Filmmaking Production Process
- Identifying audiences
- Script writing
- Creating shot list
- Organizing files
- Collecting media
- Shooting media
- Creating media
- Editing media
- Creating narration
- Creating & adding sound and music
4. CRITIQUE & REVISION
- Reviewing rough-cut
- Revising and editing
- Previewing final cut
Learn the Fundamentals of Filmmaking
Spending some time learning a few fundamentals of cinematography is worthwhile-- not only will it will improve both the media-making process and product, but it will also save you time in the long run. Here we will introduce you to the fundamental stages of the filmmaking process by taking you through making a short film, walking you through pre-production to production and post-production. This process will serve as an introduction to the key cinematic principles of storytelling, storyboarding, cinematography, and editing. All of these critical digital storytelling elements will help you build media literacy and digital storytelling skills, to help you begin using media arts as a teaching strategy in your classroom.
This exercise is courtesy of the SHIFT Curriculum (Spy Hop Institute for Teachers) and the Utah Film Center.
The traditional story arc is at the essence of almost all stories and the most common format used in filmmaking. Watch V4CUUM-RBT: A Love Story. Identify and discuss the three acts of the film: what happens in Act I, Act II, and Act III? See the video in the slider cards below.
Visual Storytelling, Shot Styles, and Composition
Learning visual storytelling techniques and employing a myriad of shot styles will play a big role in helping you tell your story, Filmmakers use different shots and camera movements to convey emotion and affect the way the audience thinks and feels about the subject.
Watch the Shot Styles and Composition instructional video and use the shot styles handout to practice. See the video and handout below.
Read the Nine Sentence Story written samples and use the template to write yours. We like the story prompt: You stumble upon a box. No matter what you use as your prompt, keep your story simple, and make sure your story can be filmed on location. See the Nine Sentence Story samples and template in the resources below.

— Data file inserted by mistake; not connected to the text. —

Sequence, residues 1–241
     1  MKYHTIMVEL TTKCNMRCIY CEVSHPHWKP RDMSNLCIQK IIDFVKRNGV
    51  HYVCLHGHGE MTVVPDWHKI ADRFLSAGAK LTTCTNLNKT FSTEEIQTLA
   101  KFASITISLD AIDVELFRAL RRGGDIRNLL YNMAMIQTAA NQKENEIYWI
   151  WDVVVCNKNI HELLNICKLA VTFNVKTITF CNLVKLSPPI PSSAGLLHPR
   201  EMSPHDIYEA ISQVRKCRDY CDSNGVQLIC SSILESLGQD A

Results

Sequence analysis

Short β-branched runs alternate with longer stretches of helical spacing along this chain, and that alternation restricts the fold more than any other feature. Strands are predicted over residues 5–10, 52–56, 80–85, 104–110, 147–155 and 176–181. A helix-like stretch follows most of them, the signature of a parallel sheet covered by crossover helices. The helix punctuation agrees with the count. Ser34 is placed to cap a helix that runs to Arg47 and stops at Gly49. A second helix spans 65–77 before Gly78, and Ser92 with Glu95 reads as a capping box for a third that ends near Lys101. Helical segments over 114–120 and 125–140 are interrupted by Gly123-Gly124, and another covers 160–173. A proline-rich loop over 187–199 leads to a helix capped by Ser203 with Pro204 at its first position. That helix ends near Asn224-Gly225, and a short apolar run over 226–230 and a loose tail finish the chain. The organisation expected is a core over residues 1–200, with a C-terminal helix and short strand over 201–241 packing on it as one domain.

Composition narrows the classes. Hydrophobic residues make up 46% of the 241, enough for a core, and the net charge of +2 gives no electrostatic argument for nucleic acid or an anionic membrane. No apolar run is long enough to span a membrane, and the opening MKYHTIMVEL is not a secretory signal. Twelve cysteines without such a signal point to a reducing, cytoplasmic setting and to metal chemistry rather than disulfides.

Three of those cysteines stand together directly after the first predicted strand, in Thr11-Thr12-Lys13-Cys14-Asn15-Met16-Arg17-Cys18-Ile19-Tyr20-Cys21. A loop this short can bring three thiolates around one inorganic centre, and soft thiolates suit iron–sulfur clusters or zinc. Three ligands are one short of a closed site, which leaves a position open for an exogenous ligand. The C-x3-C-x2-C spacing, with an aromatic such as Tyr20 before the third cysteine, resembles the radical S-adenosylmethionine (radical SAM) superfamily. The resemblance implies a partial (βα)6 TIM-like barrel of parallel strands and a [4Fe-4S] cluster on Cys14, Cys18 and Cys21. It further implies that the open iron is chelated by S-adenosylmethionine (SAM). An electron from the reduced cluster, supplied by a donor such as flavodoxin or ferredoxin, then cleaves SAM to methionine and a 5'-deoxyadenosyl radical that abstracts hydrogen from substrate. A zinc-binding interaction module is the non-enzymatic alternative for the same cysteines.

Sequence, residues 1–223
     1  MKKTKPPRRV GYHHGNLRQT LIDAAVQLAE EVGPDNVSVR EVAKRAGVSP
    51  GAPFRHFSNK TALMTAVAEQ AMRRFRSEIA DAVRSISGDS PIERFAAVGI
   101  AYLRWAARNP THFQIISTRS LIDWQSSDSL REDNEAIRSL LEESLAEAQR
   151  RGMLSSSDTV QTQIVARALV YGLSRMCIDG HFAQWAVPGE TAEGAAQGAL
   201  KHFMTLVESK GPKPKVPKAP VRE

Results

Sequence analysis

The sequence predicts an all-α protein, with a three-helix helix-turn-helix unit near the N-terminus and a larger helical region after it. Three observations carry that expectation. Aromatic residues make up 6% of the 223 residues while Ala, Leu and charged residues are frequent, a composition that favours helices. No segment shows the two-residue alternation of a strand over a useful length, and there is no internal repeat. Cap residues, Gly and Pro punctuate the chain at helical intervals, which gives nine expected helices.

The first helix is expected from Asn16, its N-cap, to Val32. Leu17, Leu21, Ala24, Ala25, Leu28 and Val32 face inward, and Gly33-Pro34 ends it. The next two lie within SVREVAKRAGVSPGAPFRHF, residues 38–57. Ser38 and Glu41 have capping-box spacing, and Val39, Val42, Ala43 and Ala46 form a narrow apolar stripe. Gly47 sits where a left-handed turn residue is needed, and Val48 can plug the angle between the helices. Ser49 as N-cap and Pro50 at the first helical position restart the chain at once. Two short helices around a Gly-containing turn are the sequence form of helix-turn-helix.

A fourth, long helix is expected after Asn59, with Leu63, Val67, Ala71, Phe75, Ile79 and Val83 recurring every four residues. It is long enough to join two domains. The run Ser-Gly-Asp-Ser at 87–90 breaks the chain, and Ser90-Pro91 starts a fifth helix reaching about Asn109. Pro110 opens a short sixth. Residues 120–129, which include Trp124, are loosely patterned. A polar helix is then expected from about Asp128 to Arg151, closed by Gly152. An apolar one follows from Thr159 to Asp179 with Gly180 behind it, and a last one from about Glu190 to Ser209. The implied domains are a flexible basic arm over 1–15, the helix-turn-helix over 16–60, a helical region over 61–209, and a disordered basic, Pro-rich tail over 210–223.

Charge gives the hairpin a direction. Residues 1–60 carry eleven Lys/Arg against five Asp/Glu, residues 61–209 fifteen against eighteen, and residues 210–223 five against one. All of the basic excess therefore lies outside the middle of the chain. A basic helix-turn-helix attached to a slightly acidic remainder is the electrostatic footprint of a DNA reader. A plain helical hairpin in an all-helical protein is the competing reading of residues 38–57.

Storyboarding and Cinematography with the Nine Sentence Story
You are now beginning the process of translating the written story to the screen. Watch the Storyboarding instructional video and the Nine Sentence Story movie samples. How does the storyboarded nine sentence story translate to the screen? Watch the second Nine Sentence Story movie samples clip and note any differences.
Download and print the storyboard PDF and storyboard your nine sentence story (aim for one storyboard per sentence, making nine storyboards total).
Make sure you fill out every line on your storyboards and if there is no dialogue or music in the scene, for example, mark n/a rather than leaving the line blank. If your students are doing this, make sure all students storyboard, whether each student does all nine or the storyboards are divided up amongst the group. Your role is Executive Producer and you will greenlight the storyboards before students go into production. Look for a clear three-act story, thoroughness, and varied shot styles.
Shooting, Collecting, and Creating Media
It's time to film your video. Before cutting loose into production, make sure you have established careful equipment checkout protocol. Each group of 3-4 needs a camera (or phone/iPad with a mount), tripod, external microphone if available and computer or device with video editing software) All students should clearly understand their roles (Producer, Director, Cinematographer) and responsibilities. For example, the Producer should have a folder with the storyboards and any shot lists to guide production, as well as a few release forms if there will be any interviews or outside people being filmed; the cinematographer has the equipment and will charge all equipment upon returning from the shoot, etc.
Editing, Exporting, and Exhibition
(Note: before beginning editing your footage, watch both the Editing Styles and Music instructional videos below.)
Now it's time to edit your footage in video editing software. Check out the recommended video editing software below and many of these come with built-in tutorials, or search for a highly-rated online tutorial. Also check out our curated list of copyright-free music, images, etc. by clicking here.
VIDEO EDITING SOFTWARE
Tips for managing your media files and student release forms, and a rubric to assess the filmmaking elements and digital storytelling process.
Tips for Implementing Filmmaking Projects in the Classroom
Filmmaking Media Gallery
Use this selection of youth-produced, teacher-produced, and professional films to inspire both you and your students with ideas for your own film projects in the classroom.
VIDEO SCAVENGER HUNT
Technical Skill Building
POETRY IN MOTION
Technical Skill Building, Writing, Self-Exploration
WEAVERS AND THREADERS
Technical Skill Building, Collaboration, Storytelling
CLASSROOM EQUIPMENT RECOMMENDATIONS
This list is meant to guide you, though you will still need to decide what is best for you. There is no "blanket best" as everyone is working with different budgets and computer equipment. This equipment list is linked to sellers, but we suggest shopping around and exploring educational pricing discounts. Check out this Filmmaking Go Kit if you want everything to fit in one tidy, mobile case. (Total cost of the Go Kit including case is about $1200).